The Open: We look at five major talking points from St Andrews
By Raz Mirza
Last Updated: 21/07/15 3:03pm
A thrilling climax, Grand Slam dreams extinguished, the pressures at a major, unpredictable British weather and tearful goodbyes... we look back on a gripping 144th Open at St Andrews.
Zach Johnson showed his mettle by defeating Louis Oosthuizen and Marc Leishman in a thrilling three-way play-off to claim his second major title in darkening Scottish skies.
It was the first Open play-off since Stewart Cink beat Tom Watson at Turnberry in 2009, and the first involving more than two players since 2002 at Muirfield, the year Tiger Woods failed in his bid for the third leg of the Grand Slam.
Here are five talking points after a weekend of thrills, spills and pure golfing drama at the 144th Open.
Johnson likes to do things quietly, efficiently and with a minimum of fuss, as the 39-year-old American showed by securing his second major victory following his US Masters triumph in 2007. "I'm a normal guy from Cedar Rapids... with a green jacket that has something that most guys don't get to drink out of right now," he said, smiling as he looked at golf's oldest trophy with his name etched alongside most of the game's greatest players.
He also knows how to pick his spots after success at Augusta and now one at St Andrews - the two most famous golf courses in the world. He put his play-off victory down to "patience and perseverance" and "making the best of opportunities". Low-key is exactly what Johnson is all about and he makes no excuses.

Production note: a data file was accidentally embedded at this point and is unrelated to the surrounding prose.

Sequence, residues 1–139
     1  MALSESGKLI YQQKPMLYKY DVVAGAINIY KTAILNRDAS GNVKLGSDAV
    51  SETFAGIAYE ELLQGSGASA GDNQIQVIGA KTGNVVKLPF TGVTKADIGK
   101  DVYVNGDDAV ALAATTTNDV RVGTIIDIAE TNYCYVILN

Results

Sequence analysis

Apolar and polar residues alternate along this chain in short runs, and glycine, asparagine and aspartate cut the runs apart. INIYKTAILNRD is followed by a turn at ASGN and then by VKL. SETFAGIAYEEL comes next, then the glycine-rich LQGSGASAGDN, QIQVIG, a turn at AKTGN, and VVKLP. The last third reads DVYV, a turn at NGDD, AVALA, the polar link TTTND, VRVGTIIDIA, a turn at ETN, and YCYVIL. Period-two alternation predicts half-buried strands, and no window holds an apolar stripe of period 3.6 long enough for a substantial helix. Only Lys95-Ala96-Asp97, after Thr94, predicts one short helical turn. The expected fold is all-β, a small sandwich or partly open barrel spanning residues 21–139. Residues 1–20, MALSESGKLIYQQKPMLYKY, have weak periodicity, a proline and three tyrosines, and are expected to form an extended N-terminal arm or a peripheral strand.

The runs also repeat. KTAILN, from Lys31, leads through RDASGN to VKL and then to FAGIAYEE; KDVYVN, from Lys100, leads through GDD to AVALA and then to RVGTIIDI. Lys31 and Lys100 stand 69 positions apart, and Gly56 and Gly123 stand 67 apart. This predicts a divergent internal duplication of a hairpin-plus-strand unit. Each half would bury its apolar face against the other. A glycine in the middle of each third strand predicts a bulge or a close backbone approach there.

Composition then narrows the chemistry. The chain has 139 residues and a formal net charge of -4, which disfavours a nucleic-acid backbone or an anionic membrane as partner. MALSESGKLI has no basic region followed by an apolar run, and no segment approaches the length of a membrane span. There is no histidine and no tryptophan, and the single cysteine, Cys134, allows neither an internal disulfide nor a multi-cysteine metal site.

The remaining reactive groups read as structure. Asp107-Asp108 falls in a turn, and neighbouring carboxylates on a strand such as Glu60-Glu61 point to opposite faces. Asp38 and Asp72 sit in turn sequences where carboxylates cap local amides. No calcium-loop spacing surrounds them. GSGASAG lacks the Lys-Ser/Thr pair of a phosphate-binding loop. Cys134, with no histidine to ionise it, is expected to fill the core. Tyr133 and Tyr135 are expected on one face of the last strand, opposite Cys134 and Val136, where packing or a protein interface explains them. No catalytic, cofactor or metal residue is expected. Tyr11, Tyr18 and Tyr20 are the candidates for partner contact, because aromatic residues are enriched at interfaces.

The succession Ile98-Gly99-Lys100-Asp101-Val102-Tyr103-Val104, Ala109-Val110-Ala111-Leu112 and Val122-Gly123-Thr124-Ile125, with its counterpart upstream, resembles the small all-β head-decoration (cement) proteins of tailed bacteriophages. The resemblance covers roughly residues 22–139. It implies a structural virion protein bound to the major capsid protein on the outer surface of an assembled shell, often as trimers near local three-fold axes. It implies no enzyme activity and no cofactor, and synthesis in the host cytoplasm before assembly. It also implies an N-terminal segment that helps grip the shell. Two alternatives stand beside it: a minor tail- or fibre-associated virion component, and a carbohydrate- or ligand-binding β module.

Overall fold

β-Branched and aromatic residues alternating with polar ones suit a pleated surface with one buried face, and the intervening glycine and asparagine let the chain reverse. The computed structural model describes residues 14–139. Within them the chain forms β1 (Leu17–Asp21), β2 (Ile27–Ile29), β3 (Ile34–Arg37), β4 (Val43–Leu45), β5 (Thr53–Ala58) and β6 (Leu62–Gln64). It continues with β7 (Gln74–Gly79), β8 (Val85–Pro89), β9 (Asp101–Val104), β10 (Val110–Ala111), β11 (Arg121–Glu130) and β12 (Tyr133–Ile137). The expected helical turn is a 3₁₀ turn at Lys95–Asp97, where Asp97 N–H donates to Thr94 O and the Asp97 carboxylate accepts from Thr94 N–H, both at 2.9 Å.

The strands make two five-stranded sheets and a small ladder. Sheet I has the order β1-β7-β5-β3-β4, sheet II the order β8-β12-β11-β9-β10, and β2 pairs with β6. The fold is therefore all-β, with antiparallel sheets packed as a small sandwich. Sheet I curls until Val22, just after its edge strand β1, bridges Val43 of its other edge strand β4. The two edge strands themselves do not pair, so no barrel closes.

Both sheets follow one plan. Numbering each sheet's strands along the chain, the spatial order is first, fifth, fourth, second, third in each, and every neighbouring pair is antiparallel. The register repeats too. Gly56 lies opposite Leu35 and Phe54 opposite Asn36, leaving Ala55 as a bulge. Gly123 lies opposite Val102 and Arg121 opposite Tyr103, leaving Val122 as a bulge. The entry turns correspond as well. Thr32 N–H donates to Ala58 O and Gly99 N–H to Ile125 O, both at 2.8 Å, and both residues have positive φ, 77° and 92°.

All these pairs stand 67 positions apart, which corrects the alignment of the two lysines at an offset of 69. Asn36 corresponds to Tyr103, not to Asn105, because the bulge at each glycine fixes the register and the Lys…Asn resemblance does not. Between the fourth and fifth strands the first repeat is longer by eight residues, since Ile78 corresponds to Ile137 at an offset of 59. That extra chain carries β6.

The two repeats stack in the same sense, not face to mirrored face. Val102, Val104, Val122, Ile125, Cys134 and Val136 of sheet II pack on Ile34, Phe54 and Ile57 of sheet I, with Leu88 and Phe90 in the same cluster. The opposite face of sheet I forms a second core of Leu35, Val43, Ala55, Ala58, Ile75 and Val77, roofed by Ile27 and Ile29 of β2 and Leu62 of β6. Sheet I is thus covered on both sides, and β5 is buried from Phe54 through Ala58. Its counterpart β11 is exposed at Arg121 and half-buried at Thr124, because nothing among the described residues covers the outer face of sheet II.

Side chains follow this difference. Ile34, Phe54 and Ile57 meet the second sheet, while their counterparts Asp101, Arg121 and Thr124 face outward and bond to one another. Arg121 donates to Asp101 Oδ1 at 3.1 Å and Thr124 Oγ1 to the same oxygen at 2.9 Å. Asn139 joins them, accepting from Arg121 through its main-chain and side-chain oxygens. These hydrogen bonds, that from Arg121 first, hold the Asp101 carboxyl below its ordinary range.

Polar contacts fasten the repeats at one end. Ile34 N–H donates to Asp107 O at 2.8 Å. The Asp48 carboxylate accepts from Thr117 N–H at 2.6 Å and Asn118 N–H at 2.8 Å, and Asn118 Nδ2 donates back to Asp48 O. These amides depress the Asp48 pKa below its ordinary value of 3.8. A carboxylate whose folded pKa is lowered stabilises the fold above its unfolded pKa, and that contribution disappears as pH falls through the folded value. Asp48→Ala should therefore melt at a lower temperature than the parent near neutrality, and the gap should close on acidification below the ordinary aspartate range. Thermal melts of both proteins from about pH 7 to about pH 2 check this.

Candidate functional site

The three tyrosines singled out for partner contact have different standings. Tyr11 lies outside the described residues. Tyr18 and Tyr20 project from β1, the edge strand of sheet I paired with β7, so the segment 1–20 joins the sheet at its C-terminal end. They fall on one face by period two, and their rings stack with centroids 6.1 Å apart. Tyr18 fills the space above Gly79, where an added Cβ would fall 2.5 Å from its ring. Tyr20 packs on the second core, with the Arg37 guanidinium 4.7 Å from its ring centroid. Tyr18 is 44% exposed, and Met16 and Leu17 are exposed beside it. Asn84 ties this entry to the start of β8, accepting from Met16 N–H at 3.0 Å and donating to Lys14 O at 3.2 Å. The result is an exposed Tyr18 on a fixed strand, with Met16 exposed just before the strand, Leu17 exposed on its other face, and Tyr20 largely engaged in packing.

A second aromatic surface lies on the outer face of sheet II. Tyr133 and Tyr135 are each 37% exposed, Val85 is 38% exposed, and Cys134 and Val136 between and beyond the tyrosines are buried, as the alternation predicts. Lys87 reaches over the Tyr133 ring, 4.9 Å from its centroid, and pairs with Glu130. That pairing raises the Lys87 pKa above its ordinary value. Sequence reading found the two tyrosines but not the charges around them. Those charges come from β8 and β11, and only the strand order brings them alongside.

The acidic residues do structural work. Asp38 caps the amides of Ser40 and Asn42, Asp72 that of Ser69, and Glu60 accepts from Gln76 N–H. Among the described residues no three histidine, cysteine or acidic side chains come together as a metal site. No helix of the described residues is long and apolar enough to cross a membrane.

As a deeply religious man, asked what he was reciting as he went down the back nine on Monday, Johnson said it was from Psalms 24:17. "It was 'Be patient, wait for the Lord. Be courageous and brave. Be patient, wait for the lord,' - just little things that help along the way. Gets me down to my priorities," he said.
Patience and waiting he certainly managed to do at St Andrews this week and he reaped the rewards. Johnson's clutch putting display and two majors virtually guarantees him a place in the Hall of Fame.
Johnson wrote off Open chances
Zach Johnson can never have been so happy to have been proved so wrong after he claimed the Open
Feeling the need for Spieth
Jordan Spieth has looked untouchable when it comes to majors, but his Grand Slam dreams came to an end on Monday despite giving it a hell of a go. The 21-year-old Texan, winner of the Masters and US Open this year, was close to having his name on that Claret Jug. No one ever came closer to the third leg of the Slam.
He fought back from taking four putts for a double bogey on the eighth hole with back-to-back birdies. He rolled in that long birdie putt on the 16th for a share of the lead. After missing an eight-foot par putt on the tough 17th hole, Spieth needed a birdie on the closing hole to join the play-off. "Up and down for a play-off," was the last thing Spieth said to caddie Michael Greller from about 90 yards away. It was too far right and not quite hard enough, and it rolled to the edge of the Valley of Sin short of the green. His birdie attempt up the slope stayed inches left of the cup, and he tapped in for a 69.
"We gave it a great effort," Spieth said. "I'm going to go home and reflect. It won't hurt too bad. It's not like I really lost it on the last hole, and 17 was brutally challenging. I just didn't hit a great putt there, and I just picked the wrong wedge out of the bag on 18. I won't beat myself up too bad." Spieth showed guts over the final two hours, and class when his bid was over. He stuck around to hug Johnson before he walked over to get his trophy - nice touch!
Done and Dustin